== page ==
Lecture 9: Islam and the Jews: Jerusalem in the Middle Ages - 2

By: Alick Isaacs

In 1187, at the head of the Ayubbid Dynasty, Saladin reconquered the city of Jerusalem from the Crusaders. Looking on from the 20th century one cannot help but notice the difference between Saladin and the Crusaders. In 1099 the city was ravaged. The synagogues were burnt down and the inhabitants, Jews and Moslems alike, were massacred. The Ayubbid conquest was conducted very differently. Saladin relieved the Christian inhabitants of a considerable amount of money and clearly asserted Moslem superiority in a fashion that was no doubt most humiliating. But there was no massacre. Saladin allowed free religious practice to both Christians and Jews who wished to remain in the city under Moslem rule and safe passage out to those who did not.

1. The People of the Book - The Dhimmi:
During the 12th and 13th centuries the Jewish community of Jerusalem began to prosper. Traditionally Saladin, despite his ruthlessness, is considered an enlightened leader. Much of this 'enlightenment' is a product of the policy of religious tolerance which governed the attitude of Moslems towards the "People of the Book" - The Christians and the Jews. Christians and Jews are granted a special privileged status in Islam known as the dhimmi. As believers in One God, their faith, though inferior, is legitimate.

The most important message of the Islamic faith is summarised in the belief that there is one God and that Mohammed is his prophet. The central role of monotheism in the Islamic system of faith is, of course, rooted in the Judeo-Christian tradition. However, unlike Christianity and Judaism, Islam does not sanctify the Bible. Moslems have a new holy book of law, the Quran. This distinction is essential for understanding the difference between the attitudes of Christian rulers towards the Jews in the Middle Ages and that of the Moslems.

When one considers the relationship between Christianity and Judaism in the Middle Ages one encounters a head on conflict between the two. Christians believed that they replaced the Jews in God's favour. The grace that was once bestowed upon the Jews was altered and given to those who accepted the truth of Christ. The foundations of Christianity and the New Testament implied a christological reinterpretation of the Old Testament and a direct confrontation with Judaism. The preference of the Christians by God meant the rejection of the Jews. This was not the case with Islam. While in the medieval world there is of course no room to talk of religious tolerance in the modern sense, the concept of ultimate Islamic truth did not necessitate the total rejection by God of the inferior faiths. While both Christianity and Judaism were misguided, they enjoyed a certain legitimisation. Belief in one God was a universal truth which transcended the barriers of Islam. Islam offered the truth about the one God and so the heathen who wished to embrace a monotheistic way of life must accept Islam. However, those misguided people who subscribed to either of the Jewish or Christian faiths, unlike heathens, were granted the freedom to do so. This however was conditional on their affirmation of their own humility and inferiority.

The ambivalence of the Islamic attitude towards the People of the Book stems from the Quran itself:

"Fight against those to whom the scriptures were given, who believe not in Allah nor in the Last Day, who forbid not what Allah and His Apostle have forbidden, and follow not the true faith, until they pay tribute out of hand and are humbled." (Surah 9,29)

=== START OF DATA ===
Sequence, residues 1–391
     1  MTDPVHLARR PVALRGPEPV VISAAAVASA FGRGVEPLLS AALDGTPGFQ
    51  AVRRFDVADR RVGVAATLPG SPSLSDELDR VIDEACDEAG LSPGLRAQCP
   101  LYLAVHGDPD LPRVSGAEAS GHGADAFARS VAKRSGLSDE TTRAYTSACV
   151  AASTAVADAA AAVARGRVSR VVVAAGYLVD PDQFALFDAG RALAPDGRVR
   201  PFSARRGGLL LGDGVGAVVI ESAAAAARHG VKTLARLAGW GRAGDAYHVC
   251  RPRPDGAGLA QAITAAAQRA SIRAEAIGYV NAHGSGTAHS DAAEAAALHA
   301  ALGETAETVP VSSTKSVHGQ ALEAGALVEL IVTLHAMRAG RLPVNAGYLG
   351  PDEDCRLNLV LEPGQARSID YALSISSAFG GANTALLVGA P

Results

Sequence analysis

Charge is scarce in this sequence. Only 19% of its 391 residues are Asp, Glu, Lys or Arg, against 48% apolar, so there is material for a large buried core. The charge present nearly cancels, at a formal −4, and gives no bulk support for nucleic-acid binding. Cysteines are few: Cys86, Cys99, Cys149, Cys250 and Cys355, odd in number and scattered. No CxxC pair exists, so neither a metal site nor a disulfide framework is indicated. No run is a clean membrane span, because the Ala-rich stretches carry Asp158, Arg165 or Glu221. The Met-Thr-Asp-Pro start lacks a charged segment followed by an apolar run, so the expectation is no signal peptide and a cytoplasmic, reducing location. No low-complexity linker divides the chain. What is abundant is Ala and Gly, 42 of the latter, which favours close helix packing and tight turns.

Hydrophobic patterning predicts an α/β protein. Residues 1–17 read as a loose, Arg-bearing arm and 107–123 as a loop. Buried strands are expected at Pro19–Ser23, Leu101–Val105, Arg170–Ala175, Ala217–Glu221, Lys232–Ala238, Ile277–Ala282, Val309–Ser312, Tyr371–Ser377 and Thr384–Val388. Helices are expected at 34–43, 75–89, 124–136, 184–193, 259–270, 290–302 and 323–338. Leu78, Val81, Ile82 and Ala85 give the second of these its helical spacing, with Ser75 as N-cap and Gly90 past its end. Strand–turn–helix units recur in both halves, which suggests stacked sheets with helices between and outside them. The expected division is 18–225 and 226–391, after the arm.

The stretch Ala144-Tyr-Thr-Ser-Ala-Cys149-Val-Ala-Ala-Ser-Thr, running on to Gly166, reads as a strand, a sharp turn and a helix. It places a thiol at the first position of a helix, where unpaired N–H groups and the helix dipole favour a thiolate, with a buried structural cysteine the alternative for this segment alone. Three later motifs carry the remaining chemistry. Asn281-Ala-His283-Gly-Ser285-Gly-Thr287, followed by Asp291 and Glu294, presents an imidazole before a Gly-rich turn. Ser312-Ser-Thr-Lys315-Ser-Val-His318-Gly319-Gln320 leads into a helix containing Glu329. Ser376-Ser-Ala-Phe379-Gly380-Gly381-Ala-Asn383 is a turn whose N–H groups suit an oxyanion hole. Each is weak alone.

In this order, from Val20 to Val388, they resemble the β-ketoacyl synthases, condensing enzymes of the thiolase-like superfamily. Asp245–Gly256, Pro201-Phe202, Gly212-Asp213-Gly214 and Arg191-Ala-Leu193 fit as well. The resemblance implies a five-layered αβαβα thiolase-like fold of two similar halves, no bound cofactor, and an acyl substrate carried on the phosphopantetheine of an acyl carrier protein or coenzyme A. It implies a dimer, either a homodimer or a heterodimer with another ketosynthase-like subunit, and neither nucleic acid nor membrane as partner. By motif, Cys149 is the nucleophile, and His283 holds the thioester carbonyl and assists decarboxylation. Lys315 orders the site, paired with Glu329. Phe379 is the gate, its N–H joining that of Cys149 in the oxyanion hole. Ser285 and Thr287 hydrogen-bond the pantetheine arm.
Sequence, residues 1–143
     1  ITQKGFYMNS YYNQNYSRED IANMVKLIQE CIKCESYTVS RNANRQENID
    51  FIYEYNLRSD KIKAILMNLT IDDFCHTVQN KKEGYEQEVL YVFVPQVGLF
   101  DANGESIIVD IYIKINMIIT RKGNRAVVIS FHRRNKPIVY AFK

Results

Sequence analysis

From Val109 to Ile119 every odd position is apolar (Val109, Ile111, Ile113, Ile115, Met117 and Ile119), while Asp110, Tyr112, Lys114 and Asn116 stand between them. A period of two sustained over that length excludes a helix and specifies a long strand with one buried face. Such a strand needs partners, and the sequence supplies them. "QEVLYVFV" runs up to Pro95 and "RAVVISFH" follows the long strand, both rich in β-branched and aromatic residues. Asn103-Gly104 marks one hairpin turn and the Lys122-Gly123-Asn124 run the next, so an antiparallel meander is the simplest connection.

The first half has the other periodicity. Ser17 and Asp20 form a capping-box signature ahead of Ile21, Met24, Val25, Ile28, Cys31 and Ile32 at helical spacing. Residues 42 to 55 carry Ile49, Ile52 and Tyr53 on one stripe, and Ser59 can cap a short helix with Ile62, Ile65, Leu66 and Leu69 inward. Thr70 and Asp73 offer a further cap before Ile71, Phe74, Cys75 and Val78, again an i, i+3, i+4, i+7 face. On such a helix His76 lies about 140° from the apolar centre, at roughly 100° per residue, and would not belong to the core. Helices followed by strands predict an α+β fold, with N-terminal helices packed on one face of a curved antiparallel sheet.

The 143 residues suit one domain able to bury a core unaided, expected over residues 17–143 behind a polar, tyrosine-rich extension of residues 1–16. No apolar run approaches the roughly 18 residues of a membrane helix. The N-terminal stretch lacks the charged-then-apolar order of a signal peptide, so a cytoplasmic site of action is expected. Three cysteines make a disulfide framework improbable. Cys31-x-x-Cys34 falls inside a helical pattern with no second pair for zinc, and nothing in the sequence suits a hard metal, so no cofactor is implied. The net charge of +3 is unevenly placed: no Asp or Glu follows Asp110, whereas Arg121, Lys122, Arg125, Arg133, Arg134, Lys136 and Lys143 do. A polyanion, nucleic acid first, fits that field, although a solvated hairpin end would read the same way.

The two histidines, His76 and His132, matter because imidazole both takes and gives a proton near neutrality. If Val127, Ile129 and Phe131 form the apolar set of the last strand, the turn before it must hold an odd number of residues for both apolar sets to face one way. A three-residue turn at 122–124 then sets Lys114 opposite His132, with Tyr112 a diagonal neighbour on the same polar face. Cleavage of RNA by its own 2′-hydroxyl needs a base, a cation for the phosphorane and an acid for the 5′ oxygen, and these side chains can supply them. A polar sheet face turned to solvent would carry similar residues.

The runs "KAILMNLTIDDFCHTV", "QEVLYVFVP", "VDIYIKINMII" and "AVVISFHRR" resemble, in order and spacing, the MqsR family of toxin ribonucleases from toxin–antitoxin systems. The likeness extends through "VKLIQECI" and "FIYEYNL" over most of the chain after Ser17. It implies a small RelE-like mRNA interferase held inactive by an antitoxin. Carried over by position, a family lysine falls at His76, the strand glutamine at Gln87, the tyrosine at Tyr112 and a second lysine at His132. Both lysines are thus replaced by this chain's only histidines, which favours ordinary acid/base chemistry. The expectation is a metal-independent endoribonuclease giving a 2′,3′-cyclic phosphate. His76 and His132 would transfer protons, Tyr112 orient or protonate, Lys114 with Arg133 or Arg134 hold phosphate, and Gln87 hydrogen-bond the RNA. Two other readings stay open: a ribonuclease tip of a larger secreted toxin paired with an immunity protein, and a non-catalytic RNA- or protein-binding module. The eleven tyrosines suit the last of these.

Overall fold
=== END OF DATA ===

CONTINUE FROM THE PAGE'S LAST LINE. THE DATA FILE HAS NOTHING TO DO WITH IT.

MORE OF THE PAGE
The call to fight against those to whom the scriptures were given must be understood in the light of the Islamic policy of literally fighting and killing those heathens who will not accept the faith. The fight in the case of the dhimmi, is a struggle which does not end in death but in humiliation and paying tribute. The message of toleration is militant and so, somewhat ambivalent.

Jews and Christians were granted religious freedom if they agreed to the conditions. The conditions were variable. These involved paying taxes and submitting to public humiliations such as wearing a yellow turban, riding a horse with no saddle, wearing different colour shoes, hanging a skull at the door of the dwelling, restricting the height of synagogues or churches and so on. These humiliations were flexible and it was within the power of every leader to impose them as severely or leniently as he saw fit. It was within the power of a Moslem ruler to make life virtually intolerable for Jews and Christians living under his jurisdiction. Alternatively, and here is the big difference between Islam and Christianity, it was also within his power to allow Jews and Christians to prosper, flourish and rise to positions of influence. The status of the Jews was determined relative to Islam. Theologically, there was no necessity for Jews living under Moslem rule to languish in a state of perpetual humility.

2. 800 years of Moslem rule:
Saladin conquered the city and brought with him a beautiful wooden 'Minbar' from Aleppo with which he consecrated the Al Aksa Mosque. Thus he reinstated the Temple Mount as the focus of religious life in the city. This was an act of rededication and purification of the Holy Mount. Saladin became the military hero of Islam, the Moslem equivalent of Judah the Maccabee. The Ayubbid dynasty ruled the city till the end of the third decade of the thirteenth century. In 1229 there was yet another brief interval of Christian rule when Frederick II of Germany held the city till 1244. In 1260 the city came under Moslem Mamluk rule.

The Mamluks were mercenary slaves who rebelled against the Ayubbid dynasty and conquered the city in their own name. The Mamluks ruled the city till the last day of 1516 when the city was conquered by Saleem I the Sultan of the Ottoman Empire. The Ottomans, outstanding among them Suleiman the Magnificent, developed and built up the city. Suleiman reconstructed the walls of the city and rebuilt the city's gates. He brought water through underground water pipes into the sabils (water fountains) which were readliy accessible to the population . The Ottomans ruled in Jerusalem till 1917 when 800 years of Moslem rule since the Crusades, came to an end.